by Gene Donatiello

Before there was a Brick Township Native Americans were among the early summer residents who came to this area for the oysters, clams, fish, and the abundant wildlife in the woodlands. In their travels the Natives left a legacy of artifacts and names, Metedeconk, Manasquan, and Mantoloking. By the 1730’s they no longer visited this area as they began their move westward.

In 1850, when the New Jersey Legislature created Ocean County from parts of Monmouth and Burlington Counties, they also created Brick Township from parts of Dover and Howell Townships. The new Township was named Brick for its most prominent citizen Joseph W. Brick, the industrious and successful owner of Bergen Iron Works.

At that time Brick Township included the villages of Adamston, Bricksburg, (Lakewood), Bay Head, Burrsville (Laurelton) Cedarbridge, Herbertsville, Osbornville, Point Pleasant Beach, West Point Pleasant, Mantoloking and a portion of Normandy Beach.

Early industries were the lumber, pinewood (charcoal and turpentine), iron industry (Butcher’s Forge at Forge Pond) Bergen Iron Works, Cranberry, Blueberry, and poultry. The resort industry always provided seasonal work for the locals. The people of Brick Township also made their living off the land, bay and rivers. They were subsistence farmers growing their own food and trading off the surplus. They fished and hunted the rivers, bay, ocean and forest. There was an abundance of striped bass, perch, herring, crabs and clams along with ducks, rabbits, pheasants and grouse. There were cranberry bogs in most sections of town and later blueberry growing became an important crop.

Compared to today’s schools early Brick Township schools were one or two room buildings, housing grades one through eight. The furnishings were basic, benches and desks, hooks on the wall for coats, a receptacle for water, (there was no running water) and a blackboard (chalkboard). In the middle of the room was an iron stove for heat and at the front of the room was a teacher’s desk

The 1900’s brought new economies to the area; the poultry industry started with Park & Tilford’s Laurelton Farms and peaked in the 1960’s. Summer camps for children began to spring up, Camp Eagle, Boy Scout’s Camp Burton, Princeton Summer Camp, Camp Metedeconk, New Jersey Episcopal Choir Camp (NEJECHO) and the Cedars. Land developers arrived promoting the area as a resort, for swimming, boating, salt water bathing, crabbing, fishing and for just getting away. In 1934, the Van Ness Corporation developed Breton Woods. Because of its many lagoons, Shore Acres was advertised as “The Venice of the Jersey Shore.” The Hudson Dispatch, a newspaper, offered a plot of land in Cedarwood Park with a subscription to their newspaper (a subscriber had to buy an additional lot at full price in order to build a house).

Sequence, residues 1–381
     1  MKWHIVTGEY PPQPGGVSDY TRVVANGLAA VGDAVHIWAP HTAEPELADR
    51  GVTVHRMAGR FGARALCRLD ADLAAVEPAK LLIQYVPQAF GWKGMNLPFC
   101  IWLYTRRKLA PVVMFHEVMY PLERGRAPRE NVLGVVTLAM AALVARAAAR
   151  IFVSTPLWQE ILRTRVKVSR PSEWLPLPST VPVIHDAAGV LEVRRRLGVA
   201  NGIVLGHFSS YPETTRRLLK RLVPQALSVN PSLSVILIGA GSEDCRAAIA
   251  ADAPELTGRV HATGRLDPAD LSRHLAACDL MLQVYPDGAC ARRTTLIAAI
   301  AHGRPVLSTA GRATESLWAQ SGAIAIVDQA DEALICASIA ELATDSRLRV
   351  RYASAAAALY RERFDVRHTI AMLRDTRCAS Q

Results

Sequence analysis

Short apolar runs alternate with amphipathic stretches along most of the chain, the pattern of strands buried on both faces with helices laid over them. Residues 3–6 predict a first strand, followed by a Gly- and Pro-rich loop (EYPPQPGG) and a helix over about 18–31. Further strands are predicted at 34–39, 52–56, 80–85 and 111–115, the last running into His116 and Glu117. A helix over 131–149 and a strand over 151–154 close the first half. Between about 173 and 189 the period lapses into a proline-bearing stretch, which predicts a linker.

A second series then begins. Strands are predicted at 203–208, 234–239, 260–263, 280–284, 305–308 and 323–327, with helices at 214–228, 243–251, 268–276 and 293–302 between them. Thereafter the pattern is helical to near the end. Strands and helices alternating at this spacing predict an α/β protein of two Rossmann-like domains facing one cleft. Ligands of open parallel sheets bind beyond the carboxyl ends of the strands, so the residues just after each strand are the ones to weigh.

Brick Township continued to be a quiet rural-resort and commercial community into the 1950’s, until the Garden State Parkway opened. Travelers exiting the Parkway were soon to discover this area where property was inexpensive and taxes were low, was a place where they could go to move away from the crowded cities. Unrest in the urban areas in the 1960’s and 70’s caused a flight of families to the urban areas and Brick Township was the ideal place to relocate. As more and more people moved into Brick Township the general stores were replace by department stores, supermarkets, and specialty shops. Highways and roads were expanded as well as city services. Since 1850 Brick Township has evolved from the virgin woodlands to the thriving suburban community it is today.